Business Intelligence + Sales Intelligence: Unite Strategies And Leverage Results
It’s no secret that data collection and analysis are at the heart of business intelligence. However, this is not an easy task. After all, even if the Marketing and Sales area creates different ways to obtain more information from potential customers, many will not respond to emails or click on the link in the form sent.
In any case, we cannot neglect the importance of these actions, as they are also good fundraising engines. In addition, another advantage is that these strategies can be done automatically, without demanding so many human resources, such as the automatic triggering of emails.
But the question is: how to reach even more leads by taking even more advantage of automation solutions? That’s where sales intelligence comes in.
Through it, you can perform a deep data analysis that allows a better qualification of leads.
Thus, it is possible to advance in the segmentation and reach concrete business opportunities.
With the help of tools, such as lead qualification, it is possible to achieve these goals and make negotiations more assertive. Want to know how? That’s what we’re going to show in this content.
The Relationship Between Lead Segmentation And Business Intelligence
Lead segmentation is a fundamental phase of the sales cycle and a challenge for B2-B companies. When negotiations involve long-term decisions and a higher average ticket, the way to obtain prospects is not the same as when selling less complex products.
Therefore, if your audience is particular, qualifying the base is essential to have more conversions and to feed back sales intelligence.
Segmenting means qualifying your list of leads according to their pains and needs (which can be solved with your products) and their maturity in the purchase journey.
It is a sophisticated business intelligence work that guarantees excellent returns to the company in the form of lower CAC (Customer Acquisition Cost) and, consequently, greater productivity of the commercial team.
Some segmentation possibilities are:
- Market — an area of activity;
- Location — region, city, urban or rural area;
- Type of company — public or private;
- Size — billing;
- Size — number of employees.
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Pre-Sales For Lead Segmentation
In high-performance companies, the segmentation work is carried out by a Pre-Sales process. It is essential to transform the dynamics between departments and generate business intelligence.
Conceptually, Pre-Sale is an active prospecting action. Despite this, this strategy is ideal for those leads that are also passively prospected, which pull the information so that it requests the contact of a salesperson.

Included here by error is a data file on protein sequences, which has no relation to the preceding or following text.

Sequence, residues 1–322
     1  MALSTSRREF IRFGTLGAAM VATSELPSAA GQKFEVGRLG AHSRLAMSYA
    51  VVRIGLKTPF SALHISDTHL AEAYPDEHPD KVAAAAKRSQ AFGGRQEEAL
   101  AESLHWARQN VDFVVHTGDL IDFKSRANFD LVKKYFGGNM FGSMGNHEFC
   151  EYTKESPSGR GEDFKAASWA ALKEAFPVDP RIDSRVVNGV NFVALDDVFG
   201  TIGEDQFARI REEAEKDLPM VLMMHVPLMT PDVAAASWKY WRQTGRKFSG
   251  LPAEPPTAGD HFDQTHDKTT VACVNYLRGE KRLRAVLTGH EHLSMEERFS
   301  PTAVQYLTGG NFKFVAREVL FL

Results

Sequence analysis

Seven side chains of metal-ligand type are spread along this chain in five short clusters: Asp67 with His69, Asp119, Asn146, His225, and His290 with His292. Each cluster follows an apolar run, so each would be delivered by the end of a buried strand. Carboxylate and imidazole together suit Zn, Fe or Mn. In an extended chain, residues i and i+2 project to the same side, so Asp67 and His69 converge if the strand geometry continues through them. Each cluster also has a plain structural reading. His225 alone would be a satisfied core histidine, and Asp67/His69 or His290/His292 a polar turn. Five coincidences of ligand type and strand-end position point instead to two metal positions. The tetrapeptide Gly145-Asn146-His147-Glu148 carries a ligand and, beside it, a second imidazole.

In this case, the lead comes with greater purchase readiness, as it has already shown interest.
Even so, those leads that have demonstrated purchase potential should also be approached by the pre-seller, who will perform the qualification and segmentation.
This practice allows validating information and identifying patterns and profiles of interest that can serve as input, both for active and passive prospecting.
In other words, a well-structured Pre-Sales optimizes the passing of the baton between teams and reduces the strain on the sales team, which usually has a high cost for the company.
It is worth remembering that thousands of potential leads that are in the market are not reached by automated campaigns and do not get to know your product, but they may be ready to buy. Therefore, these must also be worked on by pre-sellers, in this case, in the form of active prospecting.
Regardless of the situation, the most important thing when applying the Pre-Sales methodology is to define the strategy well, have aligned employees, collect data to detect potential customers and, above all, analyze this data in depth to obtain valuable insights from prospects.
Using Rich And Shallow Data In Sales Intelligence
An essential aspect of classifying prospects is that it can be performed using information obtained at different levels of depth. Superficial data is easily captured in forms with simple questions, referring to the market, size, number of employees, and time of operation, among others.
Usually, the collection of this type of information is carried out through Inbound Marketing techniques. That is, by offering courses, e-books, infographics or other informative materials, which are downloaded free of charge by providing some data.
Another alternative is searching on search engines such as Google or professional social networks such as LinkedIn. However, in a technical sale, this is not enough.
In these companies, the decision process is much more complex and demands strategic information so that it is possible to understand the pain involved.
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